Dividends: A simple explanation

Every Mickle


Sunday, June 16, 2019

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Writer's Note - Last week in my first of two articles, I explained what is a divided and how are dividends paid? This week in part two, I explore why are dividends paid and give further details.


Dividends are paid out on a schedule that the directors of a company decide. They also decide on the amount to be paid. The shareholders of a company, however, give the final approval for the total amount paid as dividends each year; usually via a vote at the company's annual general meeting. Some companies pay out dividends every quarter (4 times a year/every 3 months). For example, NCB Financial Group (NCBFG) has made two dividend payment's already for 2019 and have scheduled two more for this year. Other companies pay out a single dividend each year. There is no set rule on frequency; each company determines its own schedule. Sometimes when a company has a one-off situation, they may call a sudden, “special dividend”. Carreras Limited did this in 2012. After wrapping up its old pension scheme, the extra funds left over were paid out to shareholders as a “special dividend”.


Companies pay dividends to reward and increase the value that the shareholders get from a company. When a company pays out a dividend, you still own the shares after receiving the dividend so the money is like a payment to you for simply being an owner. Some people will even tell you that there are only 3 real benefits you can get from owning a stock; selling it, borrowing against it, or receiving a dividend from it. Many people, especially long-term investors, love dividends because they increase the amount of profit you get from owning a stock, and the dividend payout of strong companies tends to grow over the long term.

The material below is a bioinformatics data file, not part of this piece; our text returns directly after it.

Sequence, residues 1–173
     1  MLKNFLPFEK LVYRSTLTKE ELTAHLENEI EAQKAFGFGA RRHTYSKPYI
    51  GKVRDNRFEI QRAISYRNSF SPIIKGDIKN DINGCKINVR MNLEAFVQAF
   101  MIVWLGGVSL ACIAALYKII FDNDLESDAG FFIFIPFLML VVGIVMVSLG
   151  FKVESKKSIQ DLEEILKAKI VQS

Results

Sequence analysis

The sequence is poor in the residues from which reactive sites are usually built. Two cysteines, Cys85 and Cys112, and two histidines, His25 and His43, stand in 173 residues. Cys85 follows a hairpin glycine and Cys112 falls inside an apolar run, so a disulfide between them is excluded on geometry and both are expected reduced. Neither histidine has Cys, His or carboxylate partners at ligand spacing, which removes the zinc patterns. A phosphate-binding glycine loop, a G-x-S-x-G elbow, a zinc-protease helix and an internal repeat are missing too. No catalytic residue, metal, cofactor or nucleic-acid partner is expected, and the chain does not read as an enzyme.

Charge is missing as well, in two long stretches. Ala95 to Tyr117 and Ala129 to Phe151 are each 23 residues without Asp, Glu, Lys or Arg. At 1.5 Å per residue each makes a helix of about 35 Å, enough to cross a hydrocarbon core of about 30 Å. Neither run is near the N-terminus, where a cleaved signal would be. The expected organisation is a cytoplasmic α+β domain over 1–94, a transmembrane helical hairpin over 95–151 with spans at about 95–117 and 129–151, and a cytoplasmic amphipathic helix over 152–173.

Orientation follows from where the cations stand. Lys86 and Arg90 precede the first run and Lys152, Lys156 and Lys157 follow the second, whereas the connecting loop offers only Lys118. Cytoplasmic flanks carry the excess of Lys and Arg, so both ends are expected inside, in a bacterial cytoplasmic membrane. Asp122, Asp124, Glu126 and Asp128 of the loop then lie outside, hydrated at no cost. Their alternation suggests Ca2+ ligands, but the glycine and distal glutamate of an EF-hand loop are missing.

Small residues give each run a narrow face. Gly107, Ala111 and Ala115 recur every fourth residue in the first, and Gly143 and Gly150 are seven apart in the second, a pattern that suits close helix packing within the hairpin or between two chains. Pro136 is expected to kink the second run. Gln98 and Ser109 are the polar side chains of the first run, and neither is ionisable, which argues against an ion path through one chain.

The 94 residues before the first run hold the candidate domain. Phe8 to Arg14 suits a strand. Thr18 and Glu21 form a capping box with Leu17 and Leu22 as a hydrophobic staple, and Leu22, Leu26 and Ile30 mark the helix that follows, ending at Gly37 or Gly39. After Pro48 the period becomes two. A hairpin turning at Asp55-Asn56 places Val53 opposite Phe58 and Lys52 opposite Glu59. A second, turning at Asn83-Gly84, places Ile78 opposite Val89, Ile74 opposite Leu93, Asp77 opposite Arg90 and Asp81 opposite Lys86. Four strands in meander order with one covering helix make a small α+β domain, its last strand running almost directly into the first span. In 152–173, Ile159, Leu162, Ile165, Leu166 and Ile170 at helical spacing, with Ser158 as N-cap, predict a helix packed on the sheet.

Whenever a dividend is announced there are three key dates involved.

X-Date (ex-Date): This is the date on which buying the stock will no longer give you a part of an announced dividend. If you see a dividend announcement for a specific stock and want to buy it in order receive that dividend, then you have to buy it before the X-Date. People who buy on or after the X-Date still own the stock but won't get any of that dividend.

Record Date: This is the date on which the record of who owns all company shares is pulled. It is also sometimes called the “date of record”. The record date is usually one business day after the X-date. You can actually sell your shares after the record date but before the dividend is paid and still receive the dividend because on the record date, you were a shareholder.

Payment Date: This is the date on which the dividend is paid out to all shareholders identified on the record date. It can be close to or far from the other dates. Companies set payment dates to match their own internal schedules and plans, and to make sure they have sufficient cash on hand to pay out.